The Kenduskeag Canoe Race
Two Bowdoin groups traveled to Kenduskeag, Maine to compete in the 36th annual Kenduskeag Stream Canoe Race. Before I begin recounting my experience this past Saturday, let me point out two misnomers in the title of this event: "canoe" and "stream." For the purposes of the race, the word, "canoe" encompassed solo and tandem flat-water racing, sea, and white-water kayaks; solo, tandem, and trio+ open and closed canoes, inflatable rafts, rubber rafts, and rubber inner tubes. These vessels, divided into 23 categories, lined up five at a time under a bridge piled with spectators. Contestants paddled long flat-water stretches interspersed with rapids gloating names such as "Six-mile falls" and "the shopping cart" for 16.5 miles down the Kenduskeag Stream.
Which leads us to our second misnomer: "stream."
Stream conjures images of bubbling water flowing gently down pebbles,
maybe a willow hanging above. A stream is a place where I caught crawfish
as a child, where I wore my stream walking shoes and played in the mud.
This was no stream. I renamed it the Kenduskeag long and winding RIVER.
That day the river saw 493 boats running the gauntlet of
experience, gender, age, and costume. We saw a canoe weighted down with
four paddling clowns, a fraternity toting an inflatable alligator, a canoe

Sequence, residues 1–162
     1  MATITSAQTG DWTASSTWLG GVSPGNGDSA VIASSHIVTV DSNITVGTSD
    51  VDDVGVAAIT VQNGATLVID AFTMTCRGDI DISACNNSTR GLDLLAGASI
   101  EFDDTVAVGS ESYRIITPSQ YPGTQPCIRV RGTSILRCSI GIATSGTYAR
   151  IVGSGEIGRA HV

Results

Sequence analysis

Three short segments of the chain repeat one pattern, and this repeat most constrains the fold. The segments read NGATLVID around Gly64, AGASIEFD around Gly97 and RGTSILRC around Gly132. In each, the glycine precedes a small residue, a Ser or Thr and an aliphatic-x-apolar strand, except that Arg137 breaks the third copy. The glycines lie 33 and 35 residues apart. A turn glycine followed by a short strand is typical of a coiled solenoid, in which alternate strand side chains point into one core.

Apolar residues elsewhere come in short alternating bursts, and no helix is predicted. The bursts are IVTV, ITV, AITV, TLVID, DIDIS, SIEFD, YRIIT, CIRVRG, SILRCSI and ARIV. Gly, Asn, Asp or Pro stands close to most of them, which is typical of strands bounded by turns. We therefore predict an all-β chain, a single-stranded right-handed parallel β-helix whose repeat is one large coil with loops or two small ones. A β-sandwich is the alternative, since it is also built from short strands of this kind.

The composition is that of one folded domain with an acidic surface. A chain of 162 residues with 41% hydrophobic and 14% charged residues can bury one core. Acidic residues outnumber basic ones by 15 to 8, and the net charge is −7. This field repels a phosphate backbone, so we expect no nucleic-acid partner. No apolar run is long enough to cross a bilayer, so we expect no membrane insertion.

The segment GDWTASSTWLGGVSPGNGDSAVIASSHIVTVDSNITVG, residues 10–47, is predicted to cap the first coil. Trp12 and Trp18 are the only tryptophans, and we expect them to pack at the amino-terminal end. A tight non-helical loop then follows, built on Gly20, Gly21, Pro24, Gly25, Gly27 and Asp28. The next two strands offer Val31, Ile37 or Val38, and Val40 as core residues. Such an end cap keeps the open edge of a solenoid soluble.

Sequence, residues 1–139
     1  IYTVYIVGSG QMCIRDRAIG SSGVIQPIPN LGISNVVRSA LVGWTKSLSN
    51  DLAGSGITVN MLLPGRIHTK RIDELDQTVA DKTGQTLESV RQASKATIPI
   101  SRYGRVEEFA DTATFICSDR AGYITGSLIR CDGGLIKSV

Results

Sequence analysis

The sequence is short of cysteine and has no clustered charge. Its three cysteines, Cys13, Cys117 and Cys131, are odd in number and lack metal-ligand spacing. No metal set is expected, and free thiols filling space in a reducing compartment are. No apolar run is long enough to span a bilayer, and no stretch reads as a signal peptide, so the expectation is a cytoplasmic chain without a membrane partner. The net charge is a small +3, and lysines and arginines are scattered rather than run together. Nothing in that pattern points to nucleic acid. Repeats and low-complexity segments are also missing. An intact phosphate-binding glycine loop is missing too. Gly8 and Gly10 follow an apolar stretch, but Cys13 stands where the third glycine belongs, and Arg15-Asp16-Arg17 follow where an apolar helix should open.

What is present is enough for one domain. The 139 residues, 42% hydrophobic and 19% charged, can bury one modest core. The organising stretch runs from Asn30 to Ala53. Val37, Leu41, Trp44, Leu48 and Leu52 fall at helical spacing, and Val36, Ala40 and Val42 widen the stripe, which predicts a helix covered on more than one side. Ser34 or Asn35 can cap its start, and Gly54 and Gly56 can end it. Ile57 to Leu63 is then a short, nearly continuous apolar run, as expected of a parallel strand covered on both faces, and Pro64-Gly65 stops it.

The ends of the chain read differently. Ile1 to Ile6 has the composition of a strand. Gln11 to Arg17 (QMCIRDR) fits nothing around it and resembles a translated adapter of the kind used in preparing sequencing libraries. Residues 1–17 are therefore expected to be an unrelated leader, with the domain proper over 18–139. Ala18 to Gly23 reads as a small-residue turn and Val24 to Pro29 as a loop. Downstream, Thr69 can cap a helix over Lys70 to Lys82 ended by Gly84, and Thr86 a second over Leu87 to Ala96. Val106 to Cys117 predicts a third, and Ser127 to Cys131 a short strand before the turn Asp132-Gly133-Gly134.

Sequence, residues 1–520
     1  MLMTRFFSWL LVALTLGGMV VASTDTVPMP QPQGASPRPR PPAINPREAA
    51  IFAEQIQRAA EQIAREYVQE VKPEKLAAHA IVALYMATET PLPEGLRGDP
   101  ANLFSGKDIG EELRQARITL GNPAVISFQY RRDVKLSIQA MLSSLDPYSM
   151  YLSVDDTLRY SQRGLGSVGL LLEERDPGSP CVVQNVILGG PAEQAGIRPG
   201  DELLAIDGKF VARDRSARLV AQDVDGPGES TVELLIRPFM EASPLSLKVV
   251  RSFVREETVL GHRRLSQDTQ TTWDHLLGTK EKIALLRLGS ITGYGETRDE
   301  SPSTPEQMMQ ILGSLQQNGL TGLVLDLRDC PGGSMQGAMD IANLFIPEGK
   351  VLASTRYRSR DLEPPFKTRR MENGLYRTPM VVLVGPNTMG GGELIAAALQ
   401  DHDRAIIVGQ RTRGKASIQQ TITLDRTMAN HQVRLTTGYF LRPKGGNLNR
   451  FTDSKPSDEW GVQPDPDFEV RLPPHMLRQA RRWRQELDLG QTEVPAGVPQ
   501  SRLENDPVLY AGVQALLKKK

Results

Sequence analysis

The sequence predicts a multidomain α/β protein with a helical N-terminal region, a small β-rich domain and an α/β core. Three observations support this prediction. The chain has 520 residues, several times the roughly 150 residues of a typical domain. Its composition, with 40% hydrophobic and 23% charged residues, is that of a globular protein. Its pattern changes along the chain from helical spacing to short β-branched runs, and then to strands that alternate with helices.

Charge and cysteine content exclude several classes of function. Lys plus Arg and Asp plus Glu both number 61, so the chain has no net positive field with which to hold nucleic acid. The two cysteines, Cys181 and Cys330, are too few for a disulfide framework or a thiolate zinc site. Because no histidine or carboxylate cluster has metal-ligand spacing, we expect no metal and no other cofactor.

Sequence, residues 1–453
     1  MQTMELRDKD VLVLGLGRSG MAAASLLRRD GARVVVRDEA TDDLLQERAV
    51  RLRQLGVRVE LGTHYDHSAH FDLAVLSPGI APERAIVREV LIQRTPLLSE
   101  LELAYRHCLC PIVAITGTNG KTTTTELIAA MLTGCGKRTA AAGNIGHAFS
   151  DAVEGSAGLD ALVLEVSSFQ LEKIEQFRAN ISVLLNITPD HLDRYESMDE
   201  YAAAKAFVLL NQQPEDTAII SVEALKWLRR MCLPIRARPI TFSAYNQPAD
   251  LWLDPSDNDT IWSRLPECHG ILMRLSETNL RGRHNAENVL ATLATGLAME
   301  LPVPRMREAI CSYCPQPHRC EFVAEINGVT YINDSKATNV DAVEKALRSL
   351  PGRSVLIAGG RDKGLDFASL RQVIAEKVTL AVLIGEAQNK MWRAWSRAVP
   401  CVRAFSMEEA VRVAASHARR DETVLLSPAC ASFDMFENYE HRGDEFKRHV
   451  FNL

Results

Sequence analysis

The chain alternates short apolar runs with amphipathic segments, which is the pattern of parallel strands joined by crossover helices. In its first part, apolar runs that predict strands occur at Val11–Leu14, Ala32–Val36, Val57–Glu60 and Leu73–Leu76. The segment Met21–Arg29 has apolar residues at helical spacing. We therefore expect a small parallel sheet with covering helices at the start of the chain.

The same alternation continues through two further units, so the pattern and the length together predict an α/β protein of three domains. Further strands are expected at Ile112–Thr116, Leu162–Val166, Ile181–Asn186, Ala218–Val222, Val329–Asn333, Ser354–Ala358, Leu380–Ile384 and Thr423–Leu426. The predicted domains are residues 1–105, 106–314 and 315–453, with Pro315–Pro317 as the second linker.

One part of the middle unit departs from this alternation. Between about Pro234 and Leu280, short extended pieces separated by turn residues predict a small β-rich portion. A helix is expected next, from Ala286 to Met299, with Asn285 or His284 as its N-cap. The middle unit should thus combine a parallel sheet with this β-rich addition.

outfitted solely in Gumby paraphernalia. We also witnessed Gore-Texed,
seasoned Kevlar canoe paddlers defining the word "syncopation"
with their strokes, sprinters in long kayaks jostling at the starting
line, and solo canoeists grunting with each small stroke of their carbon
paddles. Beginning the race with such an eclectic group, we absorbed not
only the exhilaration of competition, but also a sense of tradition and
community. Bowdoin participant Dan Burke '02 said, "There is a great
atmosphere for this race. It's competitive, but most people are just out
to have a good time. You meet a lot of interesting folks over the sixteen
Dan, along with brother, Ben '99, and Carissa Capuano, '00
placed second in the open class (defined as three or more paddlers). Their
time of two hours and 37 minutes gave them the honor of the 20th fastest
time overall. My partner, Pieter Ingram, '99, and I also placed second
in our division (mixed beginners, open canoe), walking away with canoe-shaped
plaques for our walls. For us beginners, this feat was one of high stakes,
gale- force winds, and cutthroat competition. Burke, however, compares
this to last year's race. "Competition was stiffer last year. Our
toughest competitors were four ballerinas. This year, we only had to deal
with clowns and Gumby."
It's true. The biggest obstacles weren't those rocks, portages, and waves, so much as the carnage that 493 boats create going over the natural elements. Rescue swimmers, tied to the bank, stationed themselves in every set of rapids to rescue overturned canoes and abandoned refugees. Much of the communication between Pieter and I was about maneuvering around the wrapped canoes, floating paddles, and shipwrecked swimmers. But, the Bowdoin contingent overcame the carnage, the heat, and even the decked-out opposition to win second place in two division, showing that it's not so much what you wear, but who you're with that really matters.